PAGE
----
Nova Scotia Dulse is a red seaweed grown in the northern atlantic and pacific northwest. California, Nova Scotia, Spain, Ireland, and Maine are fertile areas where the plant is grown. It’s also called dulse for short, and its scientific name is Palmaria Palmata.
Nova Scotia Dulse as a Medicinal Food
Edible seaweed has a long history of use in different Asian cultures. It’s easy to harvest and the plant has been around for thousands of years in its current form. There are records suggesting Japanese cultures began cultivating red seaweed as far back as 300 years ago. Edible seaweed like Dulse, kelp, and others gained attention from researchers in the 1990’s when it was discovered that many Asian populations that were notable for long lifespans and lack of chronic diseases used sea vegetables more frequently in their diet than westerners.
Dulse is particularly prevalent in arctic waters, and it’s believed it spread from the arctic circle into Ireland, Spain, and Novia Scotia about 20,000 years ago after the last ice age.
Overall, dulse and other sea vegetables are notable for their high mineral and protein content, particularly iron and potassium. At its highest levels of concentration Dulse has 34 times as much potassium as a banana. Not too shabby.
Dulse Mineral Content
Dulse has an unusually high concentration of different minerals. One study found a total of 112 different minerals and trace elements in a collection of red seaweed from northern Spain. Minerals with the highest concentrations are copper, zinc, potassium, calcium, and magnesium. One study found that dulse had potassium concentrations 34 times higher than a banana. In fact, the potassium content was so high that it’s advised patients with renal conditions consult a doctor or dietician before using dulse in your diet.
Fatty Acid Content
For a vegetable, dulse has an unusually large amount of poly-unsaturated fatty acids. Moreso than green seaweeds. Furthermore, dulse has an unusually high concentration of EPA and DHA, which are omega-3 fatty acids most commonly found in fish. The ratio of n-6/n3 fatty acids in dulse is close to 1, which is believed to be optimal.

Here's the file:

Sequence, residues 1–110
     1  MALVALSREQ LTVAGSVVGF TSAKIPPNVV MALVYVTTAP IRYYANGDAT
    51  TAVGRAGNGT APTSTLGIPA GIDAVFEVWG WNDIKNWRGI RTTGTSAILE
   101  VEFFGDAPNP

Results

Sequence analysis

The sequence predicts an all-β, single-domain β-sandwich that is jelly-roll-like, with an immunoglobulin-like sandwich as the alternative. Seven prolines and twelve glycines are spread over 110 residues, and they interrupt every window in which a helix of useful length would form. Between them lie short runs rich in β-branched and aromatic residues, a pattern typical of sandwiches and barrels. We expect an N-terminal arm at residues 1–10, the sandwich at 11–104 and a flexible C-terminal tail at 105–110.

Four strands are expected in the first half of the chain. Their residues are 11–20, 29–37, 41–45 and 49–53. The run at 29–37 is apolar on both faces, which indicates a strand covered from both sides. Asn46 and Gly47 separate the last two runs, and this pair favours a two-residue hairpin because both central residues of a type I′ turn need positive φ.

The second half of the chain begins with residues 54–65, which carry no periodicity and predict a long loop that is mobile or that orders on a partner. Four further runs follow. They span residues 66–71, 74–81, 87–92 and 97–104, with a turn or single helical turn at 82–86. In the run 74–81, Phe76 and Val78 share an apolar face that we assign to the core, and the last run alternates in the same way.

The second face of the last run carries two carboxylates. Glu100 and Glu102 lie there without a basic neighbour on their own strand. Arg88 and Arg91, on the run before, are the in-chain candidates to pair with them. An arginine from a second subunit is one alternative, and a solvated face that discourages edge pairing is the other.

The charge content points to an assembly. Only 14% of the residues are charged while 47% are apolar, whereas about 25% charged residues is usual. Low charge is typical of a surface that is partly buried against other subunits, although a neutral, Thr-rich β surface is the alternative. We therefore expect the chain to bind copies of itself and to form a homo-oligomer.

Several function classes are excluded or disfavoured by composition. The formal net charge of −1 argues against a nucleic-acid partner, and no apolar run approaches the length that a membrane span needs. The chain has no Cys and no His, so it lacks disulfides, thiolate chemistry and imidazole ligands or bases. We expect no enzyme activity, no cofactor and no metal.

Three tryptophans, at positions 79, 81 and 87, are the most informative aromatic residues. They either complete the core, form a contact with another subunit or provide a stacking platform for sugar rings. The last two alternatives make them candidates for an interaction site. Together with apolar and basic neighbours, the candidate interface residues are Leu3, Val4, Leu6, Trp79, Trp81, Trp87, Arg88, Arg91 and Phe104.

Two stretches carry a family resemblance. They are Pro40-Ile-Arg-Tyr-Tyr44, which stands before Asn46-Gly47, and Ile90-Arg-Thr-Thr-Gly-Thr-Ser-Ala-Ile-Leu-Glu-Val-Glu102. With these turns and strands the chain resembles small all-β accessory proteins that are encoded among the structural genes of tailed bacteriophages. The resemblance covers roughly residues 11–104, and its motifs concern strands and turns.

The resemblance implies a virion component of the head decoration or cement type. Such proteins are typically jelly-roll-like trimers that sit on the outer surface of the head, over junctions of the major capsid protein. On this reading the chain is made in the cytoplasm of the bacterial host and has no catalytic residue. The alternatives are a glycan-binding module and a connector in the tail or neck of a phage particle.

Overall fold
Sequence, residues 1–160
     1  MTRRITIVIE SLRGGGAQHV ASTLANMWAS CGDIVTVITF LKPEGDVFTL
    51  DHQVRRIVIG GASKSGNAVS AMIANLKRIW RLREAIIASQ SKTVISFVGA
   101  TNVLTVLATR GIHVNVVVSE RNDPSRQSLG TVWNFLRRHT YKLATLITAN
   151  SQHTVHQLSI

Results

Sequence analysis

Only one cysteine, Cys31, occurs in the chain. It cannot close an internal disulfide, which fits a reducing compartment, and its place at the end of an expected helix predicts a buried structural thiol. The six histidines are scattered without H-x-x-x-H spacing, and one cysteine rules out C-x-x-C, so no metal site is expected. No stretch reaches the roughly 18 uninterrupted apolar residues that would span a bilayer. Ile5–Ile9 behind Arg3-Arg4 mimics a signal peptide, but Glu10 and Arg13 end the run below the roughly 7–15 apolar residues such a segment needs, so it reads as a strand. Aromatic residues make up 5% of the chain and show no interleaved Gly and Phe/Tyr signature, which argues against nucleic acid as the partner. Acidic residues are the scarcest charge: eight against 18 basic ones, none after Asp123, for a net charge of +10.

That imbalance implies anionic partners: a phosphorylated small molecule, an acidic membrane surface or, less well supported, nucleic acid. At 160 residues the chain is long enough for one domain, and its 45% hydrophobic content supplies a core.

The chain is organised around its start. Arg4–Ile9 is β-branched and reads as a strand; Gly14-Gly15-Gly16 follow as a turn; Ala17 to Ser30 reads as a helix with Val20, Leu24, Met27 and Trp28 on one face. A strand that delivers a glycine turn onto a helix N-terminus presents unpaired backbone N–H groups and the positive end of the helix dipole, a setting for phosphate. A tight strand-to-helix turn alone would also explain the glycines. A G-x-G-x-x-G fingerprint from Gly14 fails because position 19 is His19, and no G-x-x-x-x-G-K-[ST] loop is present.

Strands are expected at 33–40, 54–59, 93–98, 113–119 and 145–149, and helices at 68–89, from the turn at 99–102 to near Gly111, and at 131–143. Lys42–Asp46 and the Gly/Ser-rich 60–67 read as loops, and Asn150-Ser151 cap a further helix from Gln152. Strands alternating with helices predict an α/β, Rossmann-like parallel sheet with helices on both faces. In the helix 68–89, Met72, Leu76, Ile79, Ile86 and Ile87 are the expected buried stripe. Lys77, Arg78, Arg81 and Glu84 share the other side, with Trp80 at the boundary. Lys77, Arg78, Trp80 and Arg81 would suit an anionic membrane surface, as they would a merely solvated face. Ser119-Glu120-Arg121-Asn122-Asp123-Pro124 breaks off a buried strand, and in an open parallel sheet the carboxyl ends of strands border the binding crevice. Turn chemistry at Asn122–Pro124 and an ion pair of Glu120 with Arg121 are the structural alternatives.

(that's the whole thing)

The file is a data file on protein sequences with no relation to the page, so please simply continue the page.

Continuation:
A variety of studies suggest that edible seaweeds (including dulse) have strong anti-oxidative properties that prevent unhealthy cell proliferation. In Nova Scotia Dulse, these properties are believed to be caused by its high poly-phenol content. A study published in the Journal of Food Chemistry and Toxicology found that Palmaria Palmata (Nova Scotia Dulse) had the highest polyphenol content and the strongest inhibitory effects on cell proliferation in a group of red and green seaweeds. These properties have caused Nova Scotia Dulse and other seaweeds to be studied closely by cancer researchers and edible seaweed is increasingly being used as a “Functional Food” in anti-carcinogenic products.
The variability of nutritional value in dulse is very high. The location, season, and mineral content of the water it resides in has a large impact on its mineral and polyphenol profile. For example, a study conducted in the Journal of Nutritional Biochemistry found that the protein content in Dulse was twice as high in the winter than in the summer. Exposure to sun and UV rays can have a significant effect on the vitamin and mineral content in Dulse since sunlight can damage parts of the algal cell.
Dulse has a high protein content for a vegetable, but it’s not absorbed very well. In an unusual twist, protein absorption increases after manufacturing because absorption is inhibited by non-soluble fibers that bind to the protein in its natural state but are broken up when being processed.
Also, compared to other foods, the overall level of research on red seaweed in general and dulse in particular is small. More common ingredients like spinach, broccoli, and garlic have been studied much more extensively. Furthermore, there’s not a lot of research that analyzes the changes in nutritional value of dulse throughout the manufacturing process and how different brands, manufacturing processes, or growing conditions might affect the types of dulse you buy in food products.
So we have these experiments that show dulse helps slow down cell growth or promotes this condition in a laboratory setting, but there’s no consensus on how much of these benefits are kept when we take a dulse supplement, eat seaweed chips, or use other similar products.
The purported health benefits of Dulse more or less ring true. Its fatty acid, mineral, and polyphenol composition make it unique. For vegetarians especially its a remarkable source of different nutrients that are hard to find elsewhere, even in nutritional behemoths like spinach or broccoli.
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